Cricket will be ‘hardest hit’ by climate change


Cricket in the UK will be the “hardest hit” pitch sport by climate change according to a new report, which includes evidence that extreme weather has already had a “huge impact” on the game.

The report by the Climate Coalition, which studied the impact of climate change on a range of sports, says that recreational cricket is most at threat due to fixture disruption and damage to facilities with the ECB having spent a combined GBP2.6m (USD3.6m) in emergency grants in 2016 and 2017 to help clubs.

“I’ve been at the ECB since 2006 and we have had to implement flood relief efforts on half a dozen occasions,” Dan Musson, the ECB’s national participation manager, told the report. “Wet weather has caused a significant loss of fixtures every year in the last five at recreational level and significant flooding in six of the last ten years.

“In season, the worst year was 2007, with flooding in the Midlands and the Thames Valley. Out of season, the worst was 2015-16, when Storms Desmond and Eva badly affected more than 50 community clubs

“There is clear evidence that climate change has had a huge impact on the game in the form of general wet weather and extreme weather events.”

The report uses Glamorgan as a case study of a county badly hit by poor weather. Since 2000, they have lost more than 1300 hours of cricket, which equates to 217 days and more than 20,000 overs. In 2017, three of Glamorgan’s home T20 Blast matches were abandoned – a significant problem for counties who rely in T20 for a major source of income. The risk of a period of bad weather is one of the arguments put against playing domestic T20 in a block in the UK rather than it being spread through the season.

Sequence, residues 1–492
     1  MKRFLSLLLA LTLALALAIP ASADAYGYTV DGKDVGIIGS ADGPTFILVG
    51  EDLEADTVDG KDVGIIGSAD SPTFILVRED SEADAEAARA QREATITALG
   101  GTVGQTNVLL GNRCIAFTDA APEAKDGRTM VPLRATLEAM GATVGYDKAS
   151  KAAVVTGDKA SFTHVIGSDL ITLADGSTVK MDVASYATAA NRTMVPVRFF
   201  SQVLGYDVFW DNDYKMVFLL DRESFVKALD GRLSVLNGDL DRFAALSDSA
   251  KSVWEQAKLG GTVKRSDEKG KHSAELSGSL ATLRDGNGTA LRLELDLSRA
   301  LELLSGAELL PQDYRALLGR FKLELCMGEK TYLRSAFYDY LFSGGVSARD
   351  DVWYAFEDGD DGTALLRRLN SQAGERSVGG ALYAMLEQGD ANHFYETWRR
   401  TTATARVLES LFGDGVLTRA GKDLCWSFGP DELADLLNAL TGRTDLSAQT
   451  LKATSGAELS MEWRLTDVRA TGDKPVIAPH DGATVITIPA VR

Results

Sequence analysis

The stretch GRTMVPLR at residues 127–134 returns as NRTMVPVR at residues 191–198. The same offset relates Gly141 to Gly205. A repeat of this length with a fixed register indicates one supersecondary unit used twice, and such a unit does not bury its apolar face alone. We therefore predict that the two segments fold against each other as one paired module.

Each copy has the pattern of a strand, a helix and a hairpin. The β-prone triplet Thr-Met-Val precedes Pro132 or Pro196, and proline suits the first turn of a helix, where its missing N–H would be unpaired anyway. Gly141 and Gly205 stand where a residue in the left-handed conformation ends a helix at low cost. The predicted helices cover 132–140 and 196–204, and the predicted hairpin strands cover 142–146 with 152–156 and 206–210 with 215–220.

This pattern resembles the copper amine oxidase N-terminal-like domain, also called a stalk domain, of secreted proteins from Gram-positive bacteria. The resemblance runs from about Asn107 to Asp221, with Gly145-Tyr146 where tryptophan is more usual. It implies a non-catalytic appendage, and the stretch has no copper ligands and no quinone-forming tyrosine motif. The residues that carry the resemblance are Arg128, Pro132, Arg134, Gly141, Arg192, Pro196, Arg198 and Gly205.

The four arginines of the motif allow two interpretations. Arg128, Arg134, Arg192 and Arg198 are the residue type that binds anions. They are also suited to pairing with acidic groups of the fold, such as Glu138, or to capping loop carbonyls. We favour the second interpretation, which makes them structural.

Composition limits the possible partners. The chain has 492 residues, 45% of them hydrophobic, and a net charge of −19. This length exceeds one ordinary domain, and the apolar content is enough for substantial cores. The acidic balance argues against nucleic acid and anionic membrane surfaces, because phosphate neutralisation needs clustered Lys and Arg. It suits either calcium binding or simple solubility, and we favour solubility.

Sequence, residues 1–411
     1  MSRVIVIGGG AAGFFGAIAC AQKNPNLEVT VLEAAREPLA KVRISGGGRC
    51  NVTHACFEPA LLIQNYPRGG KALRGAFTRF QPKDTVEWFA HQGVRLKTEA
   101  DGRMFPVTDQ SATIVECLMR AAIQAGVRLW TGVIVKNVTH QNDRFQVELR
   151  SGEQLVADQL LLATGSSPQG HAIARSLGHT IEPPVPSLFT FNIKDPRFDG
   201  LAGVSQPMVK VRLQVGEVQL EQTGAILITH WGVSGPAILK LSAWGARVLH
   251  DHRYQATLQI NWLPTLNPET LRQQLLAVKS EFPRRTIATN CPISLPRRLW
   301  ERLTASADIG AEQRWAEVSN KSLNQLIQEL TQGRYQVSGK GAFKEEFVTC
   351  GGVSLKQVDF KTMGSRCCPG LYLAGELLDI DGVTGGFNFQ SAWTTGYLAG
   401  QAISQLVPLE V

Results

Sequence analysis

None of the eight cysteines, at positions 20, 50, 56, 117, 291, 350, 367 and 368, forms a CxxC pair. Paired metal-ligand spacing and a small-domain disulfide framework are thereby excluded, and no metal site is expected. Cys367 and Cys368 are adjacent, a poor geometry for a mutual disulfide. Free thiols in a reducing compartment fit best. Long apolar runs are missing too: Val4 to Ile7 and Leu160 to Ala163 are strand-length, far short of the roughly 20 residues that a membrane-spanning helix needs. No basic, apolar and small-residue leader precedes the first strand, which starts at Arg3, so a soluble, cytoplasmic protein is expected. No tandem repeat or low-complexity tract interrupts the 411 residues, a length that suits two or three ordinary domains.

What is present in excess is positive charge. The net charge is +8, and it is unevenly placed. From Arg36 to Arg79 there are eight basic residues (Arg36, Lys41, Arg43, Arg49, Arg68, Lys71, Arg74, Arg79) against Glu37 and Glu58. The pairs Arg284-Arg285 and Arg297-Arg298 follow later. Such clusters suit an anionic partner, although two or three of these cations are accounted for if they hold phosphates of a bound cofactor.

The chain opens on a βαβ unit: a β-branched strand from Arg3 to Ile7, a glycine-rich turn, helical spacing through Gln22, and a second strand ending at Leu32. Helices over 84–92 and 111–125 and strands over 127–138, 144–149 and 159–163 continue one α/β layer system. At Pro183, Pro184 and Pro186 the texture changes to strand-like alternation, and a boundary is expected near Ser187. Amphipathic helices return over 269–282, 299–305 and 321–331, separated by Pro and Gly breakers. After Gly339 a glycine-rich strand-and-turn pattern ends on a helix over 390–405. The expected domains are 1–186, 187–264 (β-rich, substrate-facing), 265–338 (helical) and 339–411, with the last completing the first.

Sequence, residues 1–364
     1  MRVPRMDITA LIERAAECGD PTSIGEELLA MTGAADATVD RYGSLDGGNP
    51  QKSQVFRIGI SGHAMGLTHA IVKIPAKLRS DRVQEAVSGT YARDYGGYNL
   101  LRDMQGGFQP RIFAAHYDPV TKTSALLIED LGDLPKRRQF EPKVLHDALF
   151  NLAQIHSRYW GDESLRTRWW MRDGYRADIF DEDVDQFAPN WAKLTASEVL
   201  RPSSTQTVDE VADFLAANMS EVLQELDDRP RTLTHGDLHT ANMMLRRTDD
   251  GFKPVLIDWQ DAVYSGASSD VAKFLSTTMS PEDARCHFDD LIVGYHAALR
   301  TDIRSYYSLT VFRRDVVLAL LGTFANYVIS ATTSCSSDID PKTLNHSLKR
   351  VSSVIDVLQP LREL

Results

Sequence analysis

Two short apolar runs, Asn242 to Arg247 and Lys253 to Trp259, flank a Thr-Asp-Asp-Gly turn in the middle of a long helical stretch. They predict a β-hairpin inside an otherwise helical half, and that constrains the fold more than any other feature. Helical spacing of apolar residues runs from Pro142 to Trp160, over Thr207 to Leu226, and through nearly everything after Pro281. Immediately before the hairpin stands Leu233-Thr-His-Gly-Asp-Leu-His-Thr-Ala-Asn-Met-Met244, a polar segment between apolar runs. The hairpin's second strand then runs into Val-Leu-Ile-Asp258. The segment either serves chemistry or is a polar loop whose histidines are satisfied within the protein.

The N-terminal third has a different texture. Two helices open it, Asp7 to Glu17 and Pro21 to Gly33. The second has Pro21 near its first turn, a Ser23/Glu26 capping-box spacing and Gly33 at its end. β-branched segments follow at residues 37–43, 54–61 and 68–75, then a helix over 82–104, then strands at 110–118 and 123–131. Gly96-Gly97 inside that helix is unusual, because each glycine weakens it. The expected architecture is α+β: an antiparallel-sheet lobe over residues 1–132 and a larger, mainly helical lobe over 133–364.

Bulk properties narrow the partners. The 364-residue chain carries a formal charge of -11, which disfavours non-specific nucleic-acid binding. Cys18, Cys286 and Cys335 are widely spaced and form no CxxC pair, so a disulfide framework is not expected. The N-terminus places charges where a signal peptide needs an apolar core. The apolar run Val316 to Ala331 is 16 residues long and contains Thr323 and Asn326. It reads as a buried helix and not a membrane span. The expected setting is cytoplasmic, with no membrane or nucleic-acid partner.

“T20 Blast is a great way to get new people through the gates and into cricket, but they won’t come back if this keeps happening, and it’s damaged the club to the tune of 1m,” Dan Cherry, Glamorgan’s head of operations, said.

“Climate change is becoming a huge factor. If we don’t take it seriously, it will fundamentally change the game. It’s simple: the less cricket we play at every level the fewer people will watch it, the less they will come to the ground and pay to enter, the less chance there is for young people to be inspired to take up the game.”

While the report focuses on the impact on the English game, there is currently an example of the effect of extreme weather on cricket in Cape Town, which is in the midst of a severe drought with the city close to day zero when public water supplies will be switched off. Although international and first-class cricket is continuing, school and club cricket has been cancelled.



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